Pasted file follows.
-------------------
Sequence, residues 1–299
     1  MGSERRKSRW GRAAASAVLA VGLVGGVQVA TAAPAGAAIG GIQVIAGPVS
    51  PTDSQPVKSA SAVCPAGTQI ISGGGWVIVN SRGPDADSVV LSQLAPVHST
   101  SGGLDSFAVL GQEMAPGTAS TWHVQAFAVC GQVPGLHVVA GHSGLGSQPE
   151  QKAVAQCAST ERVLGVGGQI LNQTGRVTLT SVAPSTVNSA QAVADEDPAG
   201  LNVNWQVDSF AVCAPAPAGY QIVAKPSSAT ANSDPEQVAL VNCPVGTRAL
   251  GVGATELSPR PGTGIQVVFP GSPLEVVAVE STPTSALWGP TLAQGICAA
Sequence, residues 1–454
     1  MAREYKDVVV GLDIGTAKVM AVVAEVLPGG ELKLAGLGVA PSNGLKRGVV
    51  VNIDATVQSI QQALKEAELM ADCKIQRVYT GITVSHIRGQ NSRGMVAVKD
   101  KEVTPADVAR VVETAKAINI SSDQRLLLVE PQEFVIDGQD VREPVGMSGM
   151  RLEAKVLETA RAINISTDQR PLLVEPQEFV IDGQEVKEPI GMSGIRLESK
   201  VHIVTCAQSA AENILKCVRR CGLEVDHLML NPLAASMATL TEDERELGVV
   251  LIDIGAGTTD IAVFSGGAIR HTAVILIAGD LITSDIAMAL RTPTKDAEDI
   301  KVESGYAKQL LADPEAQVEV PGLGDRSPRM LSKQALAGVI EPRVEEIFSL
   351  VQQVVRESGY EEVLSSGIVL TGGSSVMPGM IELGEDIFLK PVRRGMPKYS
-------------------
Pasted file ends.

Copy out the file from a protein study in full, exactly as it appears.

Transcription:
Sequence, residues 1–299
     1  MGSERRKSRW GRAAASAVLA VGLVGGVQVA TAAPAGAAIG GIQVIAGPVS
    51  PTDSQPVKSA SAVCPAGTQI ISGGGWVIVN SRGPDADSVV LSQLAPVHST
   101  SGGLDSFAVL GQEMAPGTAS TWHVQAFAVC GQVPGLHVVA GHSGLGSQPE
   151  QKAVAQCAST ERVLGVGGQI LNQTGRVTLT SVAPSTVNSA QAVADEDPAG
   201  LNVNWQVDSF AVCAPAPAGY QIVAKPSSAT ANSDPEQVAL VNCPVGTRAL
   251  GVGATELSPR PGTGIQVVFP GSPLEVVAVE STPTSALWGP TLAQGICAA
Sequence, residues 1–454
     1  MAREYKDVVV GLDIGTAKVM AVVAEVLPGG ELKLAGLGVA PSNGLKRGVV
    51  VNIDATVQSI QQALKEAELM ADCKIQRVYT GITVSHIRGQ NSRGMVAVKD
   101  KEVTPADVAR VVETAKAINI SSDQRLLLVE PQEFVIDGQD VREPVGMSGM
   151  RLEAKVLETA RAINISTDQR PLLVEPQEFV IDGQEVKEPI GMSGIRLESK
   201  VHIVTCAQSA AENILKCVRR CGLEVDHLML NPLAASMATL TEDERELGVV
   251  LIDIGAGTTD IAVFSGGAIR HTAVILIAGD LITSDIAMAL RTPTKDAEDI
   301  KVESGYAKQL LADPEAQVEV PGLGDRSPRM LSKQALAGVI EPRVEEIFSL
   351  VQQVVRESGY EEVLSSGIVL TGGSSVMPGM IELGEDIFLK PVRRGMPKYS